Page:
Over the past year, TRO has been very realistic about the state of the economy and the fragile position of the travel industry. Agencies closing up shop. Tour Operators ceasing business. Host agencies absconding with commissions and closing. Cruise lines increasing the NCF fees. United passing along their credit card fees. It is a very precarious place to be. We have offered agents tips and tricks to hopefully help them to shore up and even build their business. But, the one thing that we are unable to offer is a new set of ears.
At times, I think that many of us simply don’t listen. Sure, we hear fine, but we don’t take the time and effort to really listen. Yes, we may be experts on a destination, a product, a supplier, or a niche. But none of us are experts on our clients. That is why it is so important to open up your ears and really listen to what your client wants and what they are telling you.
I had an agent who worked for me many years ago and she was an outstanding sales person. Her personal favorite destination was Jamaica and her preferred supplier was either Sandals or Beaches. The running joke in the office was that no matter the clients’ wishes, if they sat at her desk, they would be on their way to Jamaica. Now, granted, Jamaica is a fun island and the Sandals and beaches products are good ones. But they are not for everyone. This was before the time when it was easy to track loyalty, but I often wonder how many people did not come back simply because she did not listen.
I also run a website called ClientBaseHelp.com and I am a Certified TRAMS Consultant. It is a free resource for users of ClientBase trying to navigate the program. One of the questions I get a lot is how to get information from a client without it coming off as an interview. My solution is to listen. Believe me, the clients will tell you a lot more than you realize if you only take a moment to hear them. For example, an agent sent a follow up email on a trip inquiry. The only information they had was a first name and an email address. Here is the response:
that week in aug. is too close to when my son starts school (8/24) so will pass. hopefully we can meet up another time that coincides with texas school system 😉
The message, on the surface seems to be just a standard “not interested” reply. But is it? Look carefully and we now know that this is a client from Texas with one child, a school aged son. You can make the assumption he is between 5 and 17. You also know that school starts on August 24, 2009. A little research on your part might be able to identify the school district and area of Texas. But, don’t you think this might be a perfect client to solicit for a spring break or summer cruise out of Galveston? Yes, the client is not interested in that trip, but they gave you plenty more information to see if they might be interested in the next one!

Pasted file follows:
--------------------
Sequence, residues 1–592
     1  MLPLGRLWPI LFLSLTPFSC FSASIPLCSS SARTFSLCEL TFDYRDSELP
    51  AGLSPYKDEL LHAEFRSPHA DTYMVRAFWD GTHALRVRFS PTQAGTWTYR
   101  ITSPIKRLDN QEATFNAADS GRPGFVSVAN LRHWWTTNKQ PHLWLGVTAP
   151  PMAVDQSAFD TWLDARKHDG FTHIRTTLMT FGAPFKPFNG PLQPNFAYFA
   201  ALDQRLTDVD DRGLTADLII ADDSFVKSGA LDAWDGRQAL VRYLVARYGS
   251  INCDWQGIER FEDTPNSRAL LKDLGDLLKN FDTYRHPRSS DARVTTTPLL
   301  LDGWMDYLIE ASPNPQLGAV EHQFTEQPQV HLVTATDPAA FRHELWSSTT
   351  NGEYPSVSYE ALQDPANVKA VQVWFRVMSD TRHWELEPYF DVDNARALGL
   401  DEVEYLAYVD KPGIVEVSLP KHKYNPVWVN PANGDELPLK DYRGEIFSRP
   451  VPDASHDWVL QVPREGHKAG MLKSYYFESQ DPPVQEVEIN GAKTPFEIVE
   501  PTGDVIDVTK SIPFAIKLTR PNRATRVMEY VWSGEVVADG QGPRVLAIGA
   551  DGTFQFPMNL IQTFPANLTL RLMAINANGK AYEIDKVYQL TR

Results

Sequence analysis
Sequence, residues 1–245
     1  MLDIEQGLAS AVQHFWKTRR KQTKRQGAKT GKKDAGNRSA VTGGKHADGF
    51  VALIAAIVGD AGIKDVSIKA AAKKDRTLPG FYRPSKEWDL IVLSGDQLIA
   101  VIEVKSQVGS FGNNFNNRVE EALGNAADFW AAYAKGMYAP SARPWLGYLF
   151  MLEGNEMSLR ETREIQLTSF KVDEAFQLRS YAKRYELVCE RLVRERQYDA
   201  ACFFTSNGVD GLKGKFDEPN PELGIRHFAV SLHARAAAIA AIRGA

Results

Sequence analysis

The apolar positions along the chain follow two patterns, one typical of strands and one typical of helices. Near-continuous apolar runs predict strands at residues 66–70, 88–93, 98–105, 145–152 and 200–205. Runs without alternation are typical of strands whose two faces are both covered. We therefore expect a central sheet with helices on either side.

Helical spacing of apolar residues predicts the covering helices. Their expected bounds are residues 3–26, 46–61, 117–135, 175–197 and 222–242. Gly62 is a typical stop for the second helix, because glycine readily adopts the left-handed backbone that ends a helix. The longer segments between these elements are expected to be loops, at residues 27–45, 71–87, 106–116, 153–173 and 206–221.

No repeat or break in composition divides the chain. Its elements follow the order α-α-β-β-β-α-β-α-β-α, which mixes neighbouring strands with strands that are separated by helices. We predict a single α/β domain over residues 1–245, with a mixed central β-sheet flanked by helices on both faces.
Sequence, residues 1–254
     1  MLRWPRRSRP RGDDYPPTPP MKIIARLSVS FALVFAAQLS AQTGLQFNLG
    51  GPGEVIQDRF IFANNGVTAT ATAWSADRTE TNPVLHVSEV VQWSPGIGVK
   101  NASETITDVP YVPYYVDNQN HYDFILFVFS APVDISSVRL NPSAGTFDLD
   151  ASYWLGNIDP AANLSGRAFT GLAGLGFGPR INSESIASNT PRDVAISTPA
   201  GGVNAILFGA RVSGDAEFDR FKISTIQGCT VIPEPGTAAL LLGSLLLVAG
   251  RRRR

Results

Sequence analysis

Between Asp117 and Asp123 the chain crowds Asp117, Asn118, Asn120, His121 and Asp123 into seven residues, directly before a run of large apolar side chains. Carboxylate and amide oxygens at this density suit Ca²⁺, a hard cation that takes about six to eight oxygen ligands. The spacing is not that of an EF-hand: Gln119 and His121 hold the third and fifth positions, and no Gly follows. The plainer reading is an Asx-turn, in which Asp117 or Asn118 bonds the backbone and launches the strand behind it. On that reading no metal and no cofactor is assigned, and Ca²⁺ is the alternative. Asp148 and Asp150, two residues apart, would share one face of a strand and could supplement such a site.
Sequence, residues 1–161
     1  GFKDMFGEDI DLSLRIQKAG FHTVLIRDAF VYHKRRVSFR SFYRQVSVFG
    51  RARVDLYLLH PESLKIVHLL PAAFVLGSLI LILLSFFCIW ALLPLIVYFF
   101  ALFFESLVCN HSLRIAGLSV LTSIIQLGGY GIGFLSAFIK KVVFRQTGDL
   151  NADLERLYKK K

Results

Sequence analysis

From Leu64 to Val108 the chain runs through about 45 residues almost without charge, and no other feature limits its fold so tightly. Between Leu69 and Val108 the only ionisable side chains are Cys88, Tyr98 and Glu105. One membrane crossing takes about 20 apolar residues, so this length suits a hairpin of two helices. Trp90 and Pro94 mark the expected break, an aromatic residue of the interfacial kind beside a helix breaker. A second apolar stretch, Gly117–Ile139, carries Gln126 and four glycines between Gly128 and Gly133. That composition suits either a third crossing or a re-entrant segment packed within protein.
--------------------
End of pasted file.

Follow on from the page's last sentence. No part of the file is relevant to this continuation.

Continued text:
And sometimes we are even guilty of not listening to ourselves. In a recent interview with Travel Agent Magazine, a member of YTB (who has recruited enough people to be in Coach’s Corner) was interviewed and rather than analyzing the facts, he decided he’s rather rely on the word of others.
But YTB is still standing with $425 million in sales and a loyal cadre of travel selling agents. Worse for our critics, YTB is growing despite the economy and despite its critics.
I can’t be sure how this particular individual feels that a 53% drop in agents, a 52% drop in commission income, several pending lawsuits (one which is seeking $300 million+), a new release from the BBB warning consumers about YTB, a Fox report on the “YTB Pyramid Scam”, and a stock price that has moved from $8.50 to less than a dime in 18 months is growth. Most likely he is hearing what he wants to hear, but most certainly he is not listening.
In all aspects of our daily business, we can all use the opportunity to listen a little better. There is a world of information out there which will enable us to do our jobs better each day—if we just take some time to listen to it. I am reminded of the old axiom about why people have two ears and one mouth—listen more and speak less. These might be some very good words by which to live!